We learn everything from our parents: how to behave in society, how to express emotion, how to communicate, how to live.
So, naturally, if a parent is dependent on a substance, it affects how the child grows up. It’s estimated that twenty-five percent of children grow up with parents who abuse substances. One generation’s relationships to substances affects the younger generations.
Children of alcoholics are four times more likely to become alcoholics than those who did not grow up with an alcoholic parent. It’s up for debate if alcoholism and drug addiction are genetically passed down, a result of family dysfunction, or a combination of both. Either way, children of addicted parents have several traits in common:
- Problems in school
- Low self-esteem
- Behavioral problems
- Earlier experimentation with alcohol or drugs
- Greater risk of being victims of emotional, verbal, or sexual abuse
Role Reversal: When the child becomes the parent
One common trait of these children is that they take on the roles of the parent. Parents are supposed to protect, provide, give stability, and comfort. But if the parent is unable to fulfill their role because of their substance use, children often take on the parenting role for both their siblings and their parents. This is true of young children and adults with parents who struggle with addiction.
This is called codependency. Codependency affects people from lots of situations, but often affects those with parents who struggle with addiction. Fortunately, there are support groups including Co-Dependents Anonymous, a 12-Step Program. If any of the below signs of codependency are true of you, reach out for help so that you can break the generational cycle in your family.
Here are some signs that children are taking on role reversals:
- Trying to save parent from depression or suicidal tendencies.
- Feeling guilty if problems with parent worsen.
- Saying or implying things like, “My dad left when I was born and that’s when my mom started to do drugs. So it’s my fault that my mom does drugs.” Or, “If I was better at school/sports/etc. my step-dad wouldn’t be so stressed and wouldn’t drink as much.”
- Sleeping in same bed with parent who is anxious.
- Taking on inappropriate emotional baggage. For example, listening to a parent talk about past sexual relationships.
- Choosing to keep a parent company instead of hanging out with friends.
- Using substances with parent in hopes to create an emotional bond with the parent.
Role Reversal is harmful for children in a variety of ways.
- It forces children into a kind of maturity that they are not ready for.
- By providing for themselves before they are grown, they are at greater risk of malnutrition, abuse, and crime.
- If they are embarrassed by their parent’s behavior or feel they must keep their parent’s substance abuse a secret, they may not form healthy bonds with their peers. For example, they may stay at home alone instead of inviting a friend over.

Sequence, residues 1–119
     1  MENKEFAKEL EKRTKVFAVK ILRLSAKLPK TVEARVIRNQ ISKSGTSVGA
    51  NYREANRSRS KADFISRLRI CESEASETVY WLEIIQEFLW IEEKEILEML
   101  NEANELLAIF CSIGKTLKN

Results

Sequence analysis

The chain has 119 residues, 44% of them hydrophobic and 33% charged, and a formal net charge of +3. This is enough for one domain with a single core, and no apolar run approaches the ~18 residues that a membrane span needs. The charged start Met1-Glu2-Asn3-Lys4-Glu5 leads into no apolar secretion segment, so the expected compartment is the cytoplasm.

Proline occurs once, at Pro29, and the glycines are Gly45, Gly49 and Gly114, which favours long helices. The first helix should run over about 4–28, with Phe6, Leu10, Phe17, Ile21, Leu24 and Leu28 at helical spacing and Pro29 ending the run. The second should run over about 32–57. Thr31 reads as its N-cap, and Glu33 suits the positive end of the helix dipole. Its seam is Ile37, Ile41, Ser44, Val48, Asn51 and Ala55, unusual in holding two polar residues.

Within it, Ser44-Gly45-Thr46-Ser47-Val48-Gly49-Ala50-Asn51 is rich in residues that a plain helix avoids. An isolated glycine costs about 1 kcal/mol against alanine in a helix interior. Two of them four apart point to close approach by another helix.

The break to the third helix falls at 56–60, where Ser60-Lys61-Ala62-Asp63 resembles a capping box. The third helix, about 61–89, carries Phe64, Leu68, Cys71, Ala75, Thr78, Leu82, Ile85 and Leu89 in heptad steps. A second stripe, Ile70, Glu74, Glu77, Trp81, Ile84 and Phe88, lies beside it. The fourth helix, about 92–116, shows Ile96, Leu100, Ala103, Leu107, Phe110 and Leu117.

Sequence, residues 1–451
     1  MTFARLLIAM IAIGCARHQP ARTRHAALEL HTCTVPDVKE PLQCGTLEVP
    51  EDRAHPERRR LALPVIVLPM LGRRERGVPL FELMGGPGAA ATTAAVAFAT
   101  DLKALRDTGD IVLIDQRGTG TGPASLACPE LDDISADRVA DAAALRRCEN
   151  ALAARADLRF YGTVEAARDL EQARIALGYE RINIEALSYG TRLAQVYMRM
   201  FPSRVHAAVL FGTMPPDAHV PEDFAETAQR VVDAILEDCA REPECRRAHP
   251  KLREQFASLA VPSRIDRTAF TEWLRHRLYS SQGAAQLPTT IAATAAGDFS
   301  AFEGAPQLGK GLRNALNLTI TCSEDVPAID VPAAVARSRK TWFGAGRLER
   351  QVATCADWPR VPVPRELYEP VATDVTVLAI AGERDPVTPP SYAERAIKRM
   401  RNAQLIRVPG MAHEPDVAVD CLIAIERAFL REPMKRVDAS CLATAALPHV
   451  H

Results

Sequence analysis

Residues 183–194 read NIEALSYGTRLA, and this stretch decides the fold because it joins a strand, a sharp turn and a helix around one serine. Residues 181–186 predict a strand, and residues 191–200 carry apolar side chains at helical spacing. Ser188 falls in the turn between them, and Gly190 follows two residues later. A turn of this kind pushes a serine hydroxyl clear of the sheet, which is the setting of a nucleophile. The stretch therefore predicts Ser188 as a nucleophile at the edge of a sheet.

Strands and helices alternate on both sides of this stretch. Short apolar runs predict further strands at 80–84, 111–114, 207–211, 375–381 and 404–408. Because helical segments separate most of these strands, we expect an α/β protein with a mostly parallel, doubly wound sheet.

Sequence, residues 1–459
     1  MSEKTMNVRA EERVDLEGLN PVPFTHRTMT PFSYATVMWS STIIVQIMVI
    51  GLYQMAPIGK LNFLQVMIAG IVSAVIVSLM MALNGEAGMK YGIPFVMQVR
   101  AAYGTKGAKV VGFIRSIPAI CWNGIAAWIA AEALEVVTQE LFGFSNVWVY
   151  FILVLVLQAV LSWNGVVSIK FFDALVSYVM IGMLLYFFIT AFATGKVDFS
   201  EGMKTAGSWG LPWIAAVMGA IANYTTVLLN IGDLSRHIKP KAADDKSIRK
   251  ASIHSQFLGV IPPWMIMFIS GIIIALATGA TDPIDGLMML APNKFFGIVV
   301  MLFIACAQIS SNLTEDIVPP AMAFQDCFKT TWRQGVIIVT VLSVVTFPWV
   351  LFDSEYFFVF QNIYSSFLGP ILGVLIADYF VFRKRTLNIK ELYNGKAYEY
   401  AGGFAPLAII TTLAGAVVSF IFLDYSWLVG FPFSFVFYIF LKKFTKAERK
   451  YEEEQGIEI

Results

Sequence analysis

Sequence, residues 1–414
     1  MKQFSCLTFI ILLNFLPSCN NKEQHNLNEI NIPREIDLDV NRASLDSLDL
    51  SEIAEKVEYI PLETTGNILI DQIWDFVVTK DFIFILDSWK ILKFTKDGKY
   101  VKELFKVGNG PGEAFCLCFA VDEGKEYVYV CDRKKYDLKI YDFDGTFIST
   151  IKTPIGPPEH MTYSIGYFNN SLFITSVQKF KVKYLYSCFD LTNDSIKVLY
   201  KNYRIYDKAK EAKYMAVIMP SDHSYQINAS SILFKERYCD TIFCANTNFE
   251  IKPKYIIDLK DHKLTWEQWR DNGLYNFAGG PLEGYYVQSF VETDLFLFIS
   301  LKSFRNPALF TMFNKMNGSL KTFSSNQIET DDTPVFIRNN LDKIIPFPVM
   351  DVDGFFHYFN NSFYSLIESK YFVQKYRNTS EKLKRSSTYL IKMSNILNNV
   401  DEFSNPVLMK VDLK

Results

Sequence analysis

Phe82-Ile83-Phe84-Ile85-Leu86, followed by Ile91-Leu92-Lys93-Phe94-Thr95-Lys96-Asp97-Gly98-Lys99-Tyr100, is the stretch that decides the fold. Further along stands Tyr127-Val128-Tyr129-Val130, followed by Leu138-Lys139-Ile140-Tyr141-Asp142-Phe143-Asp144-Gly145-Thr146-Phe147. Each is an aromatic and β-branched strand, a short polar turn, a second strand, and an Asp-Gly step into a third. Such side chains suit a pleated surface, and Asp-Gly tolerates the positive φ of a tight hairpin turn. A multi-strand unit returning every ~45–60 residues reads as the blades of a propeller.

- Taking on the stress of acting like a parent can actually hinder proper brain development.
- Perhaps the most harmful effect is that many children grow up with a deep sense of guilt and dread. The belief that their parent’s decisions are their fault is emotionally and psychologically devastating.
For children of people struggling with addiction, it can be very hard to seek help for themselves or their parent. The parent might have outright said or implied that the parent’s substance abuse is a secret. The parent might even make threats about what will happen if the child tells anyone. Even if the parent doesn’t threaten outright, “Family problems stay in the family” is a strong ideal that runs in many families. A child might feel like he/she is betraying the family by seeking help. Some parents might be afraid that they’ll lose custody of their child if anyone finds out about the substance abuse, and so they tell the child not to tell anyone.
Also, as stated earlier, children with parents who struggle with substance abuse often are not emotionally healthy. They might have low self-esteem, feel helpless, or struggle with anxiety and fear. This can make it difficult to reach out for help. Substance abuse is one of the major reasons children run away and become homeless.
What can a child do to cope with the stresses of having a parent who struggles with addiction?
If you are an adult who knows a child whose parent struggles with substance abuse, encourage the child to take these steps:
- Make a list of safe places to go if things get bad. Also, make a list of emergency phone numbers.
- Tell one adult that you trust—a teacher, coach, or family member.
- Write down your feelings.
- Find something you like doing that makes you feel confident—listen to music, play a sport, or paint.
- Spend time with your friends. Pick good friends who you trust, and tell them about what’s going on at home.
If you are an adult who knows a child whose parent struggles with addiction, seek help for the parent as soon as possible at Great Oaks Recovery Center or another center in their area. If you are struggling with addiction or have a parent who is, Great Oaks
can help you work through the emotional problems underlying co-dependency and the difficulty of having a parent who struggles with addiction.
Great Oaks’ holistic approach provides family counseling for those in the recovery center. Licensed staff give support to individuals and families of those struggling with addiction and can help you address the deep issues of addiction recovery and family. If you or someone you know is abusing substances, contact Great Oaks Recovery Center for information about how to get help.